I’ve thought a bit about learning a skill. How to progress. What the next steps are. This is probably because I’ve moved away from what I thought I used to be, career wise, to something else, and now I’m trying to determine what I will do when I grow up.
The only way to learn a skill is to actually perform the task. To do it. This ranges from the very basics – crawling, walking, running, cleaning your room, and so on. You can get inspired from a million YouTube videos and blog posts, but to learn to do something yourself, you need to do it yourself.
If we look at programming. This is something I’ve done since I was ~12. I know how to code. I can tell when other people know how to code. They get it. Then it is not as much about what language or framework to use. Instead they understand the concept of code. How to solve problems using code.
There is a tangent here about tools and frameworks and how the volatility of this side of the trade ruins my conception about knowing how to code, but let’s save that for later.
My issue with coding is that it quickly becomes “pick another ticket”. What intrigues me is the what to do, which leads to two very interesting questions – why? and how?
The why is interesting because it moves from the art of implementing code to the mysteries of figuring out what the customer whats. This quickly leads to business and how can we have a sustainable customer relationship. Something that is even more interesting when it comes to open source, as the customer is more empowered and in many ways acts as a partner instead of a customer.
The how is also interesting. Especially when you look at the question through the lens of a large project that will take time to build, or through a corporate lens. This is where methodology comes into play. I hate to say agile, because it means so many things, but there are supports that can be used to support both agile and less agile ways of working. I’m thinking of automation. Automated builds, automated tests, automated deployments, infrastructure as code (i.e. some sense automation of the automation). There is a mountain of non-recurring engineering that each software organization must climb to be productive.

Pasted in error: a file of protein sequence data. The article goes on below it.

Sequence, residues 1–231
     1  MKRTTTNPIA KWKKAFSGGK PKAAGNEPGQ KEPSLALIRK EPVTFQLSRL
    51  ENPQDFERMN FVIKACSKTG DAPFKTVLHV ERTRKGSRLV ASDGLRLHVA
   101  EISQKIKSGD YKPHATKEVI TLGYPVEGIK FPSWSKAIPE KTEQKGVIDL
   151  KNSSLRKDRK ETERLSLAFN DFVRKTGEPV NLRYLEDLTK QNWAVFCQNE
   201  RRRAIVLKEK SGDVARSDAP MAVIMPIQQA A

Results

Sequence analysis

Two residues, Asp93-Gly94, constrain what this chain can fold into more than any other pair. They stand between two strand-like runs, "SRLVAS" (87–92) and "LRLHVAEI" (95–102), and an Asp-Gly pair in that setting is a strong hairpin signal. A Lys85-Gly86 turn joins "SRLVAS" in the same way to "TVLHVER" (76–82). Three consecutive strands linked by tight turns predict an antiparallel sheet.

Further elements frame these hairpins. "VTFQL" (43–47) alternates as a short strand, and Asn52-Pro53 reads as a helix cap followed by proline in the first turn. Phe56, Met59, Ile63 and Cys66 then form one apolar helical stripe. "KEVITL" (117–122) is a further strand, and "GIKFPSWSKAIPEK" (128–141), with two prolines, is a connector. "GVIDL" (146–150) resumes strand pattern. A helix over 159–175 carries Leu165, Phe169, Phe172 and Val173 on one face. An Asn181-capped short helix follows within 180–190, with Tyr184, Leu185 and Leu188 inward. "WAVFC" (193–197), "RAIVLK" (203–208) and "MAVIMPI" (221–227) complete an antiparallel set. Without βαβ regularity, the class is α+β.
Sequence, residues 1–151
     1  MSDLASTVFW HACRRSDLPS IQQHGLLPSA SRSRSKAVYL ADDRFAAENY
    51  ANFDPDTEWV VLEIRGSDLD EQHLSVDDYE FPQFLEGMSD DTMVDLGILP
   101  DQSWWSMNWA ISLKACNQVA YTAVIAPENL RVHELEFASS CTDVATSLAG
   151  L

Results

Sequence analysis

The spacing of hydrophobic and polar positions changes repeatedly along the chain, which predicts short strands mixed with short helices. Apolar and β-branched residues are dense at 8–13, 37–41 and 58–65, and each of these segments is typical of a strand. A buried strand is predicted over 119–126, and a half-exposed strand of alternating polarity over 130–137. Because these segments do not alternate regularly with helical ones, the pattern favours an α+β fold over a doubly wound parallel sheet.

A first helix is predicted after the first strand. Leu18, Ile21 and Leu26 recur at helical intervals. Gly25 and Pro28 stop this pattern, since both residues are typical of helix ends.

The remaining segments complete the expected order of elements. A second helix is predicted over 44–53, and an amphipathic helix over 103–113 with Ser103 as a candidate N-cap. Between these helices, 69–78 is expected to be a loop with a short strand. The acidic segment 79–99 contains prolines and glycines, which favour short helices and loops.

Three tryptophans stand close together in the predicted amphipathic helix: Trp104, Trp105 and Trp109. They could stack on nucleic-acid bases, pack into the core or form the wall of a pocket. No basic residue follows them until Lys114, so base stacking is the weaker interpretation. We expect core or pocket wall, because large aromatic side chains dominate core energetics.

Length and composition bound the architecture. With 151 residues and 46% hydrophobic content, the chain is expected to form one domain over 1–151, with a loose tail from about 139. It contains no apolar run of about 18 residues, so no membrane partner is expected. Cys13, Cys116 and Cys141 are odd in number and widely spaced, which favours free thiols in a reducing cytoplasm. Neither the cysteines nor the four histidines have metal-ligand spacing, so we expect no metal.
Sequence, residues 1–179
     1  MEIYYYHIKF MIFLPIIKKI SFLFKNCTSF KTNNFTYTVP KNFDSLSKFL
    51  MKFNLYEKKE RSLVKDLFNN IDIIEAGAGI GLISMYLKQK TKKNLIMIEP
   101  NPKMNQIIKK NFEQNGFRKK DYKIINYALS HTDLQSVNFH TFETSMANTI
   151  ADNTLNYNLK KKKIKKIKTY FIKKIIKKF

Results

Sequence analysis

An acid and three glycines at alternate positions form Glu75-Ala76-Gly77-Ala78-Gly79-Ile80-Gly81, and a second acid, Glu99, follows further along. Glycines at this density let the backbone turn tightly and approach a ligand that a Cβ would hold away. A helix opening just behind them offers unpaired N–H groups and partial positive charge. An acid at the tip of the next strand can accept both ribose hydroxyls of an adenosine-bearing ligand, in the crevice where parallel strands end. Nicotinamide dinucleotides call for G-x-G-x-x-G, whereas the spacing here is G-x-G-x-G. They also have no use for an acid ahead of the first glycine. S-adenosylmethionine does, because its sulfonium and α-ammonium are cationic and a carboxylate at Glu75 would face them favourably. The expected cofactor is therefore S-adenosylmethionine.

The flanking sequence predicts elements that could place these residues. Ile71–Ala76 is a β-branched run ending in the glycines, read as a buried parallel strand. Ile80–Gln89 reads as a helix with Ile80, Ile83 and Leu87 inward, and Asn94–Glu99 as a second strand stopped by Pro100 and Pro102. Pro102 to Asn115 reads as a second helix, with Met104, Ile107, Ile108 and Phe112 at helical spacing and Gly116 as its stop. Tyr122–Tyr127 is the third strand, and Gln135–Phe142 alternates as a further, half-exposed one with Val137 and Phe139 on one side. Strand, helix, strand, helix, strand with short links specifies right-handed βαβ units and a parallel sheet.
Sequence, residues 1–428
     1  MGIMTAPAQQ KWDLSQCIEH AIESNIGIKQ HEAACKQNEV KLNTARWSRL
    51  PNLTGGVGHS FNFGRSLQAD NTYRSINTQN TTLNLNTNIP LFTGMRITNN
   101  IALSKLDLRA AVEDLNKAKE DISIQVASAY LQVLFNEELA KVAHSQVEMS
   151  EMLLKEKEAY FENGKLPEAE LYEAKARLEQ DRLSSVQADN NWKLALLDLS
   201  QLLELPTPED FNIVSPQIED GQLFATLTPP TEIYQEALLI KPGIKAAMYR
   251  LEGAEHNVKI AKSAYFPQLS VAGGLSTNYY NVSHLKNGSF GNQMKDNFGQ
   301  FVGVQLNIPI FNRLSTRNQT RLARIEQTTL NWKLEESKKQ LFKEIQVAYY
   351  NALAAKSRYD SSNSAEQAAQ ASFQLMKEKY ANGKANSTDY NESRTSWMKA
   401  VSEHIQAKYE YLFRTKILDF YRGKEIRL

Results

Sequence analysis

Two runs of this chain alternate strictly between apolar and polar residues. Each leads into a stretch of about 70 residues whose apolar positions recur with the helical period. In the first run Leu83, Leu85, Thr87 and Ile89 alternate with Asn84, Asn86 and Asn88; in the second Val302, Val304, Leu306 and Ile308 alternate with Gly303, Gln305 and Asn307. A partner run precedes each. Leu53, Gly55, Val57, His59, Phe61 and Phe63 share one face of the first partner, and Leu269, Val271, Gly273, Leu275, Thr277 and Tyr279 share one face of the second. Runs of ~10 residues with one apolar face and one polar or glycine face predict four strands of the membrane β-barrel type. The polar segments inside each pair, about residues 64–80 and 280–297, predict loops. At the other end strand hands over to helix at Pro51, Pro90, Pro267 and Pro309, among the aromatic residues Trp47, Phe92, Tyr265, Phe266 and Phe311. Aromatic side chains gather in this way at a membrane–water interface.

For me, these stages came as a linear progression. First I did, then I thought about what to do, when why and how, but they are interconnected. There are various feedback loops hidden, which both limits and drives the progression of the product and team.
Looping back to the original question – what do I want to do when I grow up – I’ve started to circle in towards building teams. I’m still to fully define this, but this would be to help drive the why, how and what to provide purpose and a nice work place for a development team. The question I’m asking myself right now is towards whom to define the why, how and what. It very interesting to do it directly to the end customer, but in a corporate setting, that is rarely the case. Then, instead, this must be defined in relation to the surrounding organization, and how to do this in a good way is still something where I’m in the do stage.
Do you want me to dive deeper in any particular direction, or have thoughts of your own? Reach out to me in the comments or at Mastodon.
This post is a part of my 100 days to offload effort.